Witness to DMZ history stepping out of the fray
Stars and Stripes June 11, 2007
SEOUL — For 41 years, Hong Hung-ki viewed the Korean armistice from the front lines.
In the midst of everything from border incursions to gestures of reconciliation, Hong served as a bridge between two worlds as a translator for the United Nations Command Military Armistice Commission.
Hong, 75, retired last month.
Tensions between the Koreas remain, but they are calmer on the ground than when Hong started his job in 1966.
That year, North Korean soldiers rolled into South Korea’s Gangwon Province. When he arrived at the scene with armistice officials to investigate, the North Koreans hadn’t left.
They entered a civilian home and took a family hostage. They ambushed and killed South Korean soldiers who tried to free the family. However, the South Korean soldiers’ efforts gave the family time to escape.
“After the family got out, the (South Korean) marines used a tank gun to destroy the house and the North Koreans inside,” Hong said.
At times, the dialogue between the two sides was only slightly more civil than that fight.
Around the same time the incursions occurred, South Korea made a 20-minute video for U.S. President Lyndon Johnson that extolled South Korea’s rising standard of living.
The U.N. Command then showed the video to a North Korean delegation at the T-2 DMZ conference room. The video’s background song, “Praising Seoul,” blared on loudspeakers throughout the DMZ.
“Stop that!” a North Korean shouted toward the U.N. delegation, Hong recalls. Another North Korean picked up an ashtray and threatened to throw it.
However, the senior North Korean just sat there, watching the images of capitalist commerce.
“After that, they replaced the senior member that didn’t do anything,” Hong said.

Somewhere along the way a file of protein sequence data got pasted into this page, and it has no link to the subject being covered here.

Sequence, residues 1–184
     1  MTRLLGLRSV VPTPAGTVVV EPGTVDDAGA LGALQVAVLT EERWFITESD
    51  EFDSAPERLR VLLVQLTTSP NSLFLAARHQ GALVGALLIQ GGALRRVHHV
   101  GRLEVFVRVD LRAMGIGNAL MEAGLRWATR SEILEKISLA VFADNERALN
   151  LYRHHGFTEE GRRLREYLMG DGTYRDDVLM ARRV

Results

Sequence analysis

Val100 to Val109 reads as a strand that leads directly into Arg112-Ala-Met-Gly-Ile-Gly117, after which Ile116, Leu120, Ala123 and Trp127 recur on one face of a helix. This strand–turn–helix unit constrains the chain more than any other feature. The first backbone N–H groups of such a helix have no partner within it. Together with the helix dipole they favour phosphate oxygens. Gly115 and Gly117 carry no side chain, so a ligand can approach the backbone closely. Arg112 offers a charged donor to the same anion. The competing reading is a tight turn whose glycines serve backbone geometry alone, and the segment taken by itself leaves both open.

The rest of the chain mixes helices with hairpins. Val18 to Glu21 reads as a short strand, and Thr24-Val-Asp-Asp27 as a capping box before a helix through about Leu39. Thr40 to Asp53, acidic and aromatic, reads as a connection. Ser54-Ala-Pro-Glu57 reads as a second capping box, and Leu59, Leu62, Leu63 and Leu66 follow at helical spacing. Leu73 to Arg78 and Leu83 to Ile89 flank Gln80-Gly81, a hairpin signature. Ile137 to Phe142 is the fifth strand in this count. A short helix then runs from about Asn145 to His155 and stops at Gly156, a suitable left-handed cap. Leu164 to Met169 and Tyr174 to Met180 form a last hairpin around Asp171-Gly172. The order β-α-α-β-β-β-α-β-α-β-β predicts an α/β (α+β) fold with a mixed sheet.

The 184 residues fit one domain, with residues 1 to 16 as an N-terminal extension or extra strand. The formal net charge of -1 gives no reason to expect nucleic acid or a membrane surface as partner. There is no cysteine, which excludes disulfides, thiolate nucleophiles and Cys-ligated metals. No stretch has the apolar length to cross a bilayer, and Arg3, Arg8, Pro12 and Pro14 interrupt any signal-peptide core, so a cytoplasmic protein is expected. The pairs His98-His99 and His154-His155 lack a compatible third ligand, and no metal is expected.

In 1976, Hong thought open war might return to the peninsula. During the infamous “ax murders,” North Korean soldiers killed Capt. Arthur Bonifas and 1st Lt. Mark Barrett while they led soldiers in trimming a large poplar tree that obstructed the view of a guard post.
Hong, who was on standby duty at the time, believes the killings were meticulously planned. Korean Service Corps workers were at the same tree the day before without any problems, he said.
The incident led to several rule changes at the Demilitarized Zone.
The Military Demarcation Line was clearly marked, and servicemembers kept to their own sides in the previously open ground of the Joint Security Agency. The move drastically reduced skirmishes, Hong said.
However, the JSA again turned into a battleground in 1984, when a Soviet defector ran across the demarcation line and North Korean soldiers pursued him.
A U.N. Command Quick Reaction Force won the firefight, reportedly killing the North Korean soldier who ordered Bonifas’ and Barrett’s deaths in 1976. However, South Korean soldier Jang Myung-gee also died in the battle.
Hong’s thoughts returned to those moments on his final day of duty in May.
“I paid tribute to the monuments of three fallen soldiers,” Hong said. “I prayed for them and presented a last salute to say goodbye.”
Dialogue between the two sides has thawed at times since the killings and since 2000, Hong said.
North Korean civil authorities wanted to send a train across the border in 2006 for the first time since the Korean War, but military officials quashed it, he said.
The North Korean military then approved the rail crossing in May, Hong said. The operation talks went smoothly, he said.
“That came from up high,” Hong said. “No one raised their voice.”
Despite those overtures, no one at the JSA has forgotten that North Korea retains one of the largest militaries in the world.
“I still think the U.S. has to stay,” Hong said of the American military presence in South Korea. “Because if the U.S. troops withdraw, Korea’s situation won’t change.”
Does that mean North Korean could one day turn back to military aggression against South Korea?
“You never know,” Hong said.